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Homework Help: Electron energy and mass given, find velocity

  1. Jan 19, 2014 #1
    1. The problem statement, all variables and given/known data

    For an electron having energy 1.5MeV/c (mass of an electron is 0.5MeV), the velocity is given by?
    a) 2.92x1010 cm/sec
    b) 2.81x1010 cm/sec
    c) 2.75x1010 cm/sec
    d) 2.50x1010 cm/sec

    2. Relevant equations

    Kinetic Energy = 0.5mv2

    3. The attempt at a solution

    I first converted energy into joules and mass into kg. E=2.4032x10-13 and mass = 8.91331x10-31. Then I put it into the equation for kinetic energy and solved for v which yields the result v = 7.3432x1010 cm/s which is not among the choices. Then I observed that energy is not given in simply eV, at the end there is MeV/c. I am unable to understand what this means. It would unbalance the units on RHS. Is there another formula to be used instead of KE and what does MeV/c mean?
  2. jcsd
  3. Jan 19, 2014 #2


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    The electron is moving at a relativistic speed, you can't use the Newtonian kinetic energy formula.

    In special relativity, the total energy of a particle is ##E=\frac{m_{0}c^{2}}{\sqrt{1-v^{2}/c^{2}}}##, where ##m_{0}## is the rest mass of the particle and ##v## is the velocity. From this you can solve the velocity when the total energy is known.
  4. Jan 19, 2014 #3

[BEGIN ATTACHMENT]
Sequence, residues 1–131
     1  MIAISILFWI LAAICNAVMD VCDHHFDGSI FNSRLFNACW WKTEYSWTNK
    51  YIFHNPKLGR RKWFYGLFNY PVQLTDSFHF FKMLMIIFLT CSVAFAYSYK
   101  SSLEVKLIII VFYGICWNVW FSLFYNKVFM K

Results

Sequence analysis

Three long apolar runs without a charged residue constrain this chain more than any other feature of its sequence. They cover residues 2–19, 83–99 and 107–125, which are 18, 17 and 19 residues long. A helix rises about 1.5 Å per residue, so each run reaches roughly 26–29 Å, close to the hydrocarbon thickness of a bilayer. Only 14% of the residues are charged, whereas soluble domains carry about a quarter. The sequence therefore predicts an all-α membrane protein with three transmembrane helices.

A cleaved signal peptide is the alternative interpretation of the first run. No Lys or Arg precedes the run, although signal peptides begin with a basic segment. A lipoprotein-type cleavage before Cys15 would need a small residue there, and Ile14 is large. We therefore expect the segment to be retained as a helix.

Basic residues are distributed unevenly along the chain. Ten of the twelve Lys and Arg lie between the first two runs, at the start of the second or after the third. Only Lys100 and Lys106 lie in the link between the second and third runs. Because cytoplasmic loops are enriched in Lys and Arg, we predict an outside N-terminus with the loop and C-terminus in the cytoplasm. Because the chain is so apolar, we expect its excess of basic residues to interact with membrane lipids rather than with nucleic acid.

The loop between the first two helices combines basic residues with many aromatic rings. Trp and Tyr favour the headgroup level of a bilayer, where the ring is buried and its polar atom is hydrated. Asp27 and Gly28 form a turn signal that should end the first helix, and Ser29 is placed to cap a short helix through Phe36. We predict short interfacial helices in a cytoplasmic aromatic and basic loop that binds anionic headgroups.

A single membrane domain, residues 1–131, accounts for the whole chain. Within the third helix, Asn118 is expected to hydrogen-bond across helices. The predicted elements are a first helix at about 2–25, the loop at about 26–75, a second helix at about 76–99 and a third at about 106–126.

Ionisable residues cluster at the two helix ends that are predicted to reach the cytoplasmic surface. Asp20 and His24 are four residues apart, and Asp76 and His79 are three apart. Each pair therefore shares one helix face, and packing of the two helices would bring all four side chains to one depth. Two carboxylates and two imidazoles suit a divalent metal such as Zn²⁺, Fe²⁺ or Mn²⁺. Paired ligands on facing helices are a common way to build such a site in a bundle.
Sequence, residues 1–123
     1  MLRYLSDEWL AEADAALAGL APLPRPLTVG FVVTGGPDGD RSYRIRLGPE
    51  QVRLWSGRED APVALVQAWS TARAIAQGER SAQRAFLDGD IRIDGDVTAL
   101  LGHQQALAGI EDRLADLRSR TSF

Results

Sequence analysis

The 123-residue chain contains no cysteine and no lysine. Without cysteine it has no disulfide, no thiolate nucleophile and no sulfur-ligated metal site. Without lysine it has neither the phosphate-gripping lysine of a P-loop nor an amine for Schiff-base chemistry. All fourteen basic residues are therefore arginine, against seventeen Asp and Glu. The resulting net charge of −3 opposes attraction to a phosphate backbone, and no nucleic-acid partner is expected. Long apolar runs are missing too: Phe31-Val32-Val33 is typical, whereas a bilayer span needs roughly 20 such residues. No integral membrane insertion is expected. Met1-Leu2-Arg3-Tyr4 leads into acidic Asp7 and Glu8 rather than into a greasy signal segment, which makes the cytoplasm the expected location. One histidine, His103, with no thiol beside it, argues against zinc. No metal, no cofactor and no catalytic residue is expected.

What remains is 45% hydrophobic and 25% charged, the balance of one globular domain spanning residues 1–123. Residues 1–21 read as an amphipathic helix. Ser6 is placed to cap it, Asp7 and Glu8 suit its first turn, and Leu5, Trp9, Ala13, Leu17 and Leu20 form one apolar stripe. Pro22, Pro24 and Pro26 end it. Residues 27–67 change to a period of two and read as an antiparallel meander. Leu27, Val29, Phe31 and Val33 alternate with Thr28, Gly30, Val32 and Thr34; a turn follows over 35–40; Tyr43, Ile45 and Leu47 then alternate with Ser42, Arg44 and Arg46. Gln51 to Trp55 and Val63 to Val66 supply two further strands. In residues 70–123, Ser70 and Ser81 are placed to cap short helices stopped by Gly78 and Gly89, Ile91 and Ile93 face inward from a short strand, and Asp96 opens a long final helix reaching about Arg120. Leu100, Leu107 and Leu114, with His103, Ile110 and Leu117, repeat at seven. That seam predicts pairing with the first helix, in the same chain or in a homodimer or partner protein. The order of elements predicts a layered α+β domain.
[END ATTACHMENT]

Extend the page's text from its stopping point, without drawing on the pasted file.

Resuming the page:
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    It's not so clear what's given. It depends on how you define what's meant with
    "an electron having energy 1.5MeV" (btw. it must be MeV if it's supposed to be an energy, MeV/c is the unit for a momentum). It could mean that the electron has a kinetic energy of 1.5 MeV. Then you have to use
    [tex]E_{\text{kin}}=m_0 c^2 \left ( \frac{1}{\sqrt{1-v^2/c^2}}-1 \right )[/tex]
    or it could mean it has relativistic total energy, including the rest energy, i.e.,
    [tex]E=\frac{m_0 c^2}{\sqrt{1-v^2/c^2}}.[/tex]
    So the first thing is to check, which of the quantities is really given.
  5. Jan 20, 2014 #4
    I solved it with the formula you gave and I got a complex number

    I solved it with kinetic energy too and I got v=0. Ugghh.....
  6. Jan 20, 2014 #5


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    From the formula of total energy, you can solve that the elctron speed is

    ##v=c\sqrt{1-\frac{m_{0}^{2}c^{4}}{E^{2}}}## .

    There's no way how this could give a complex-valued speed. The total energy ##E## is always larger than or equal to the rest mass energy ##m_ {0}c^{2}##, therefore the number inside the square root must be positive.

    Also note that the electron mass is given in natural units, where it has dimensions of energy. When we say "##m_{0}=0.5## MeV" we actually mean "##m_{0}c^{2}=0.5## Mev".
  7. Jan 21, 2014 #6
    Ohkay. Mass = m0c2 = 0.5MeV. Armed with this when I solved I got √8x1010cm/s as the velocity which translates to 2.828x1010cm/s which closely matches option b). Thanks hilbert2.
    Last edited: Jan 21, 2014
  8. Sep 9, 2017 #7


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    The root of 8*19^10 cm is 2,828E+05 It is some years ago. probably everybody knows already. I just want to be sure about this. It does not match any of the given values.
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